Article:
The local speakers were an interesting bunch and I think they had a great mix of local and non local initiatives. I really am fond of the stuff Boldewijn Sloet is doing with Barefoot Power, a company trying to bring solar powered lamps to replace the current kerosene lighting that is used in many rural areas around the world. I think his heart is really in the right place and he has managed to put together something that is both life changing (I didn’t know that in India alone there are 2.5 million people – 350,000 of them children, badly burnt due to kerosene lamps per year) and achievable at the same time.

At the beginning of the event, the live broadcast from United Nations featured a talk by Melinda Gates where she gave the highlights of her work through the Gates Foundation. She is an extremely impressive woman and certainly a force to reckon. However, there was one point in which I was sort of disappointed in: her views on what she called “aspirational marketing for social causes”. I understand the arrogance of disagreeing and even writing about said disagreement with one of the most powerful women on the planet, but I don’t think my disagreement is ideological, but more of a semantic one. What sort of bothered me a bit was the lack of distinction and oversimplification between what she referred to as “marketing” and what is indeed, nothing more than advertising. Advertising is just a slice in the marketing pie, nothing more than an instrument in getting the message out there, but marketing, particularly social marketing is much more than that. Sure, I agree with her that social marketing (and the talk by Mechai Viravaidya, the thai social marketer with a track record of success after success in social issues in Thailand was precisely about that) should perhaps improve on the way the messages are delivered (the advertising part), however, a marketing campaign should not be reduced to just the delivery of the messages. A good social marketing campaign would:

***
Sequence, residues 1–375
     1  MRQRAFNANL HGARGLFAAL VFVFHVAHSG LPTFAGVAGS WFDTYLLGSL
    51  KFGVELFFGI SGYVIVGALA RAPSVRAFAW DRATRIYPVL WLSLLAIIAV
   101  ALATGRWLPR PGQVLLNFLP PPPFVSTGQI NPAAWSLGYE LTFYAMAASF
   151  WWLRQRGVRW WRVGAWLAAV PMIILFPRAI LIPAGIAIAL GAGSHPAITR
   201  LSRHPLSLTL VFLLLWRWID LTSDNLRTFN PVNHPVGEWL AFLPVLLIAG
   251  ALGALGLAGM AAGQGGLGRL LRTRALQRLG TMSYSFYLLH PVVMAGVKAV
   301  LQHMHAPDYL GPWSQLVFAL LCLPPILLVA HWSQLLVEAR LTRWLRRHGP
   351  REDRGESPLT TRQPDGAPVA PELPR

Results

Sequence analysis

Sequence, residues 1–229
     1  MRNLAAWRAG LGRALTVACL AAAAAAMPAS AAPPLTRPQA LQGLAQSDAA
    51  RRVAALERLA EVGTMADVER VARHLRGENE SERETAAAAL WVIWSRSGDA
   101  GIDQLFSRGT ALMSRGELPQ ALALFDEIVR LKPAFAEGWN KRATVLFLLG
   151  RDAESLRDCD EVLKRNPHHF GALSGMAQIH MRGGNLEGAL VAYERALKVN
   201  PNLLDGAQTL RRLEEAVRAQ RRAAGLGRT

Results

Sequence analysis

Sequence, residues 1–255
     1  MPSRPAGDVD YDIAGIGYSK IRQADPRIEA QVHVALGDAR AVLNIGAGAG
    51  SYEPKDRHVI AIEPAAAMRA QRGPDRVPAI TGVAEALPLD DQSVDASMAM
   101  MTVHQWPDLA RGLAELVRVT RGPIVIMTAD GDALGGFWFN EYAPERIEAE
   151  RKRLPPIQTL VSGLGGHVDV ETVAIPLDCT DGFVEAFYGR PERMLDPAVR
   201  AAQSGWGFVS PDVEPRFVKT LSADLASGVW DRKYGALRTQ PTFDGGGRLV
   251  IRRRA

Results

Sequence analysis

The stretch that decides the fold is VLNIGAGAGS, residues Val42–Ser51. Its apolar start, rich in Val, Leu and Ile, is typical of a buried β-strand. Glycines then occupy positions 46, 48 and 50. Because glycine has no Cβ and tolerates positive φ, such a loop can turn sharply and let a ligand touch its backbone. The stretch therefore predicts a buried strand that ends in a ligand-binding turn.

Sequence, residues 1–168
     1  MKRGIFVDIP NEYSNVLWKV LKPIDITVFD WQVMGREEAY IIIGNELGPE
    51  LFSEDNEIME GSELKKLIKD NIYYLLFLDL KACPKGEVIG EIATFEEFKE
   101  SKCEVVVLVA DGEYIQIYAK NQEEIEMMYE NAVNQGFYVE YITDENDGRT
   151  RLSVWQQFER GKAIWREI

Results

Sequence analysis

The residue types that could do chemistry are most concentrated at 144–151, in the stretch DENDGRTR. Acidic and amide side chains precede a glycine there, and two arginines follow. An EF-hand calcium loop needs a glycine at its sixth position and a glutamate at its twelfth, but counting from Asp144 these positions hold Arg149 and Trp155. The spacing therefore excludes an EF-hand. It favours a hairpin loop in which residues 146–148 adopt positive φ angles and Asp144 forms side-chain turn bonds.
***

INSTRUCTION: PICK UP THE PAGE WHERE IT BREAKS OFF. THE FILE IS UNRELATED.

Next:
• avoid colonial language (can we stop using “the poor” when referring to people living in certain structural conditions? I doubt a person would be receptive to a message that defines them through their living conditions, which they are not in control of due to said structural issues)